Anne Isaacs facts for kids
Anne Isaacs (born March 2, 1949) is an American writer of children's and young adult literature. She may be known best as the writer of Swamp Angel, a picture book illustrated by Paul O. Zelinsky and published by Dutton Children's Books in 1994; Zelinsky was a runner-up for the annual Caldecott Medal. In 2014 Swamp Angel was a runner-up (Honor Book) for the Phoenix Picture Book Award from the Children's Literature Association, which annually recognizes the best picture book that did not win a major award 20 years earlier. "Books are considered not only for the quality of their illustrations, but for the way pictures and text work together."
Isaacs was born in 1949, in Buffalo, New York, and lived there until she left for college in 1967. She attended the University of Michigan, where she received bachelor's degrees in English Literature and Environmental Education and her MS in 1975. Since then she has lived in various cities in Canada and in California. Isaacs married Samuel Koplowicz, a media producer, in 1978. She and her husband and three kids now live in Berkeley, on the San Francisco Bay. Writing fiction is her second profession as she held a series of positions in the field of environmental education until the mid-1980s.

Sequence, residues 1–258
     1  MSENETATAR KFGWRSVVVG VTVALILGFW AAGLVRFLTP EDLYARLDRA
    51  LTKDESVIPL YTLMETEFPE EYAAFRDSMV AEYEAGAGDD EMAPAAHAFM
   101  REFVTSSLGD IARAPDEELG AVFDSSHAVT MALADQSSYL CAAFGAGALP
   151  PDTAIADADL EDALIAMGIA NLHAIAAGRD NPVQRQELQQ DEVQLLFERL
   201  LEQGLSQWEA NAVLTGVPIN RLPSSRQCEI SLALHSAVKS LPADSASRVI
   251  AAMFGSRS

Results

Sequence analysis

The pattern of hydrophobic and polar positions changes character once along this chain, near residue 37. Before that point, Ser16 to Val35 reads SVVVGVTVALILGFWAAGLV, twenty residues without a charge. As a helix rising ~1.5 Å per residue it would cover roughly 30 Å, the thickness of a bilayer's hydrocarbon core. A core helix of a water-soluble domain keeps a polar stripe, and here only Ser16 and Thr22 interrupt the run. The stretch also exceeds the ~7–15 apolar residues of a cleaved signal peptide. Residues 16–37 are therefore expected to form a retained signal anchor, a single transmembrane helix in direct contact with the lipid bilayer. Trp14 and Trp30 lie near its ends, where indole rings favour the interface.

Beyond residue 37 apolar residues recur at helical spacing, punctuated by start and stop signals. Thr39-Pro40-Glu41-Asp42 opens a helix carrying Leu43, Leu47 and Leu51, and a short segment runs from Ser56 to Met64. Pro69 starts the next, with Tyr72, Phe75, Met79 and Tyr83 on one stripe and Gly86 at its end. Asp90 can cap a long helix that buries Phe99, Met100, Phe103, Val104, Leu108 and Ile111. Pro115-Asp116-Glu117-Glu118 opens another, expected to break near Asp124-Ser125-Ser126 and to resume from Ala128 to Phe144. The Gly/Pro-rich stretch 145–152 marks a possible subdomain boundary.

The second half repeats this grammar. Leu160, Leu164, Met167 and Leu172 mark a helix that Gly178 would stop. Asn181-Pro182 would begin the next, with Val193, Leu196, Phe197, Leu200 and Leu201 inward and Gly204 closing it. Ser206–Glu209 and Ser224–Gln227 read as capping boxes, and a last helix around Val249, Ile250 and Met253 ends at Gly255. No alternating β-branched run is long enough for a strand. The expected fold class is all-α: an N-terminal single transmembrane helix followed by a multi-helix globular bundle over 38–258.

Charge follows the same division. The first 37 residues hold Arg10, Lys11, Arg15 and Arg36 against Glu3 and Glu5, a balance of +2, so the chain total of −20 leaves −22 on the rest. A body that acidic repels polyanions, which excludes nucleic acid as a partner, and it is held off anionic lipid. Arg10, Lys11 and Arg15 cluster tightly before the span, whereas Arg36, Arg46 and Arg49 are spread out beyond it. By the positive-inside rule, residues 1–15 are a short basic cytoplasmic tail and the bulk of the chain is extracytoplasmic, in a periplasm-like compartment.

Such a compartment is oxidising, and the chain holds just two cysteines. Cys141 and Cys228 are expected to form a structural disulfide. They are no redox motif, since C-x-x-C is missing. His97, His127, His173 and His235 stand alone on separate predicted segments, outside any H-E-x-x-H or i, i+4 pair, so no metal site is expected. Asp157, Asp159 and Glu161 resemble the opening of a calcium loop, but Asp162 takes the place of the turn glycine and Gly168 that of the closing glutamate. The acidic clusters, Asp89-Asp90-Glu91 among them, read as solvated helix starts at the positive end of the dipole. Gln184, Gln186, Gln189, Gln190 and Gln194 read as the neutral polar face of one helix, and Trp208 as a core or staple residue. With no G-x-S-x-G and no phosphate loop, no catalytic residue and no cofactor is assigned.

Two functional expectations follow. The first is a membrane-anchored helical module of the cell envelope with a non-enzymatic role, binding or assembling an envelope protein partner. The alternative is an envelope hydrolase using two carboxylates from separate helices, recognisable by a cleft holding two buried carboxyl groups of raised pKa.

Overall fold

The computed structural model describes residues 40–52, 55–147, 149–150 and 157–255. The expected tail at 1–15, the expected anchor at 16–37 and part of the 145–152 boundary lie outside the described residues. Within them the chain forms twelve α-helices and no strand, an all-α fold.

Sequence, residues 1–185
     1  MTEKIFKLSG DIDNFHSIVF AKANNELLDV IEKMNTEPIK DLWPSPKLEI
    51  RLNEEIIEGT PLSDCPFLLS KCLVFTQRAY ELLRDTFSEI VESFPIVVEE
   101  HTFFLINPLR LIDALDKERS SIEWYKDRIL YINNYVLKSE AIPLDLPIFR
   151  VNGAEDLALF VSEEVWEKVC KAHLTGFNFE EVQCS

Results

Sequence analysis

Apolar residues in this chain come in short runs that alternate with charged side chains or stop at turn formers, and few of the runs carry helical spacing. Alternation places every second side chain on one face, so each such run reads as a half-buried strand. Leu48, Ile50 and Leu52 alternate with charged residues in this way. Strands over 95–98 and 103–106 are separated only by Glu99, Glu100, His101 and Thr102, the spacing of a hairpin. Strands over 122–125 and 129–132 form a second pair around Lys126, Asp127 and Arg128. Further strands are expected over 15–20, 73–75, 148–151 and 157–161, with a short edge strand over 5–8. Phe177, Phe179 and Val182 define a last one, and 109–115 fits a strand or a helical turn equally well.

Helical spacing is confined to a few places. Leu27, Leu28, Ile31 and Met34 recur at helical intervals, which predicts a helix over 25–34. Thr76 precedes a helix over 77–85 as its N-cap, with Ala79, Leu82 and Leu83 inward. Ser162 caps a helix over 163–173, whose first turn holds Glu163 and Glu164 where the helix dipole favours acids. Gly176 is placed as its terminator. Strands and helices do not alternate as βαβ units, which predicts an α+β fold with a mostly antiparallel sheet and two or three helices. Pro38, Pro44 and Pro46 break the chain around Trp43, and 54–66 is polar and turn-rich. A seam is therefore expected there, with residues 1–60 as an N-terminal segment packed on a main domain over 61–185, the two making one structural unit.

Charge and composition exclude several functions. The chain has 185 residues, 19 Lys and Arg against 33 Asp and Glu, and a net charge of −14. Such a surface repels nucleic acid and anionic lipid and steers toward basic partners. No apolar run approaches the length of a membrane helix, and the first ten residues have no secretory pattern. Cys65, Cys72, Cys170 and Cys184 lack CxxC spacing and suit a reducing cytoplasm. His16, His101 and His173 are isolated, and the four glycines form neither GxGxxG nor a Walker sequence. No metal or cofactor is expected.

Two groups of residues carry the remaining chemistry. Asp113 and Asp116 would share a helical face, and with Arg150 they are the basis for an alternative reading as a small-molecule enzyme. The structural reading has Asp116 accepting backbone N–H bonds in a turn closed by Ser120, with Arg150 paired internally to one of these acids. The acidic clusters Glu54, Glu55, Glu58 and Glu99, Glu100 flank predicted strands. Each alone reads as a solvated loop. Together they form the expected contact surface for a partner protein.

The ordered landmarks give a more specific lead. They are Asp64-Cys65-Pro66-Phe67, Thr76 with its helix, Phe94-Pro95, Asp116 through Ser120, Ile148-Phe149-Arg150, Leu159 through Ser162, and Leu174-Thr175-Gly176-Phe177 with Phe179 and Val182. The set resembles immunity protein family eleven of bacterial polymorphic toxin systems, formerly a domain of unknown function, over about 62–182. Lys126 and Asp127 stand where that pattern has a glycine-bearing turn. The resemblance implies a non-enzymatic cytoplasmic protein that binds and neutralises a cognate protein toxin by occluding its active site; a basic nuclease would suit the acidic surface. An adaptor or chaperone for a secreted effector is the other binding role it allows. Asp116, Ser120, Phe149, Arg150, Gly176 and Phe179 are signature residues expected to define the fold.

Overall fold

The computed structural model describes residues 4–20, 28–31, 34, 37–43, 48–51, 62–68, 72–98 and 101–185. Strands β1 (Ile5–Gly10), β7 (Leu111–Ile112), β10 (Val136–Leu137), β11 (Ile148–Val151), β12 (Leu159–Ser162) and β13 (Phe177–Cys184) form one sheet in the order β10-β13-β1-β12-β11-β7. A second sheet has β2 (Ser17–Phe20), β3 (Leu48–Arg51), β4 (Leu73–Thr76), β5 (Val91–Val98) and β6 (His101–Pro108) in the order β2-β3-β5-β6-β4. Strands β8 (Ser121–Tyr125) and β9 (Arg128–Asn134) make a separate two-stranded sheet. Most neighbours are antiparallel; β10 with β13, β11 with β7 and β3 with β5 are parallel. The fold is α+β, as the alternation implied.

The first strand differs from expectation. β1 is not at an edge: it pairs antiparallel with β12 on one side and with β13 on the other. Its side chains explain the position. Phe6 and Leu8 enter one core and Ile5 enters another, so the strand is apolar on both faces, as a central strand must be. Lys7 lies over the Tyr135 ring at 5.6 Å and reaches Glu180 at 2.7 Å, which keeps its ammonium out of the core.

"All my life", says Isaacs, "poetry has affected me more than any other genre. I have read and memorized it, studied it, loved, and written it since I was nine." As a child she has called herself "shy and usually lost in a world of my imagination. I read constantly from fourth grade on, plucking books haphazardly from my parents' or the library's shelves: Romeo and Juliet, Lorna Doone, Wind in the Willows, The Caine Mutiny. In fourth grade I was changed forever by my first readings of Shakespeare and Coleridge. I was spellbound by their emotional directness, interweaving of thought and feeling, and above, all, the pure music of their words. I read Little Women more times than any other book. Like the heroine, Jo, I grew up to combine careers as an educator, mother, and children's book writer."